Weatherman reckons it's going to rain. Text Emma asking her to bring a brolly - don't want my hair getting wet.
We're meeting at the train station in town. I arrive first. iPod's out of battery. Leave one earphone in anyway - make me look hip.
The huge glass ceiling is covered in bird droppings. Constellations start to emerge - it's like staring at the stars.
Hairdresser catwalks into view. Tight jeans hug her motherly thighs and I can just about spy a lacy bra beneath her white blouse. This is going to be some night.
"Just been looking at the pigeon poo," I say, to break the ice.
We both gaze up, pausing silently to absorb the faecal universe. Then Emma starts rustling in her bag. Pulls out two shower caps.
"Couldn't find a brolly so I brought these - thought we could start a new trend!" she explains, giggling at her own silliness.
I promise to wear one after a few drinks - she'll have forgotten by then.
Find a cheap bar. It's quite dark and some of the seats are ripped, but my Corona and her vodka and coke only costs £4.70.
The convo flows immediately. Emma seems happy to answer all my hairdressing questions - stuff like tipping etiquette (they bitch if you don't leave one) and whether she's ever deliberately ruined anyone's hair (once).
My date laughs when I ask if she's going on holiday this year. I'm on fire.
A Chinese guy is selling roses from a bucket. Wave him away. Offer to buy her some nuts instead.
We talk at length about my cat. Emma is genuinely interested in Mildred's depression. Even suggests a few things to cure her dodgy stomach.
In return I enquire about her little boy, Chris. He's staying at his dad's tonight.
"How long have you two been split up?" I quiz.
"Let's not talk about things like that, eh."
"Well, you seem to be making a go of things on your own anyway."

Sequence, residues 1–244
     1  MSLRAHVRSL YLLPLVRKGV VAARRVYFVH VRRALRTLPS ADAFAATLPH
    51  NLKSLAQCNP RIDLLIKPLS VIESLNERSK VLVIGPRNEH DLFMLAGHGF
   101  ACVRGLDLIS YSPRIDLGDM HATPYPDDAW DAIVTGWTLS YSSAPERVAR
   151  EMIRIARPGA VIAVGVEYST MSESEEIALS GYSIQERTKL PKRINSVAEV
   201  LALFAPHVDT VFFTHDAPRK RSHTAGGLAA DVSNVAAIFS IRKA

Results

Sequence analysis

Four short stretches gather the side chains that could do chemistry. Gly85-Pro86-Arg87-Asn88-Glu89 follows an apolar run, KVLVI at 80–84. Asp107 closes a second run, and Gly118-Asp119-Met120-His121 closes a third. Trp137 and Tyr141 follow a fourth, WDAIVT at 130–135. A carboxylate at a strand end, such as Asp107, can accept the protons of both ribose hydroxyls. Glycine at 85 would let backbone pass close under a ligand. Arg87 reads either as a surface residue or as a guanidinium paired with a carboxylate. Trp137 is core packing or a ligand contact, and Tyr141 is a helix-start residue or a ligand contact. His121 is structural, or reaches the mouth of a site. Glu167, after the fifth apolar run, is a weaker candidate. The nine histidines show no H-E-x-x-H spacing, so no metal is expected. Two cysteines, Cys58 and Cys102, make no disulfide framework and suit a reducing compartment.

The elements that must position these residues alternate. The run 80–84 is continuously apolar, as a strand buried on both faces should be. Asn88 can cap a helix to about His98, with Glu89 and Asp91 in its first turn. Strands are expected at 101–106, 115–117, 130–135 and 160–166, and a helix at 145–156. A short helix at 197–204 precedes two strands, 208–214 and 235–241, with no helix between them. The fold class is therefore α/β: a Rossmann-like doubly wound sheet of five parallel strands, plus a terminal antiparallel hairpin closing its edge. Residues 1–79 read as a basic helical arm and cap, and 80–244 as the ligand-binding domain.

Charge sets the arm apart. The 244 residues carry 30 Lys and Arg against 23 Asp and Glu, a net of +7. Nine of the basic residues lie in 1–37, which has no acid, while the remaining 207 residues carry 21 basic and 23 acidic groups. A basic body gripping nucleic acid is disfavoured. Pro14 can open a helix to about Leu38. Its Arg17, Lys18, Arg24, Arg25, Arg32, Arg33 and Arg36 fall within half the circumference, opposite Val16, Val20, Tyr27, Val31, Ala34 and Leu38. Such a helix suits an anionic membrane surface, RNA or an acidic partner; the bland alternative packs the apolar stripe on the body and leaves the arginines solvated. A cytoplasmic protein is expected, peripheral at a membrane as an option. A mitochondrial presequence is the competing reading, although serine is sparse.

"Yes, I am."
"And I'm coping alright with Mildred."
Two single parents doing the best we can.
After three drinks and a terrible run on the quiz machine (my date didn't know who the Prime Minister was from 1957-63 - idiot) we agree to move on. It's chucking it down outside.
"You got them shower caps, then?" I say.
"Yippee," she yells, reaching into her handbag.
We leg it hand in hand down the road. A bar full of old men stare as we enter their haunt in plastic headwear.
Need the loo. Too pissed to care about washing my hands. Emma looks surprised at my hasty return. Rub each palm against my thighs - a fake hand dry to avert suspicion.
She's just finishing a text.
"Who's that?" I enquire.
"My twin sister," she replies.
Two for the price of one - get in.
We lose track of time chatting about childhood memories, baked beans, toothpaste and how the greenhouse effect is a myth.
Place a nervous hand on her right thigh as we sit in comfortable silence. She reciprocates by resting her head on my left shoulder.
"Bloody hell, it's 12am," she says, suddenly. "I've got to be up for work in the morning."
Pass a homeless busker on our way to the taxi rank. He's trying to play Wonderwall.
"Nah mate - you're doing it all wrong," I interrupt.
With that he hands me the guitar and I illustrate how to go from Dsus4 to A7sus4. Emma is awestruck.
We ask the tramp if he takes requests.
"Like what?" he grumbles.
"Do you know anything by U2?" I reply.
His mucky fingers begin strumming I Still Haven't Found What I'm Looking For. Emma starts singing, so I join in.
"That can be OUR song," I tell her as we finally leave the man in peace.
"How apt," she replies, laughing sweetly.
The two of us wait for a taxi outside an old city centre church which was bombed out during the war. It's here we kiss for the first time as raindrops bounce off our shower caps. I sandwich her face between my hands while we snog - girls can't resist that.
"We might as well share a cab, seeing as we live in the same neck of the woods," she says.
"You're just trying to get me back to yours, aren't you?" I tease.
"I couldn't do anything right now even if I was."
Must mean her period.
"Why, you on your blob?" I enquire.
A black cab rolls up before she can answer.
Twenty minutes later the taxi parks outside her flat. She looks perturbed as I follow her into the street.
"The fare's already extortionate," I explain. "My house is only a 10-minute walk from here."
We exchange a final kiss goodnight against a damp lamppost. Slot my hands in her back pockets.
"See you soon," I say, already a couple of strides away.
Emma smiles but doesn't reply as she watches me disappear into the night.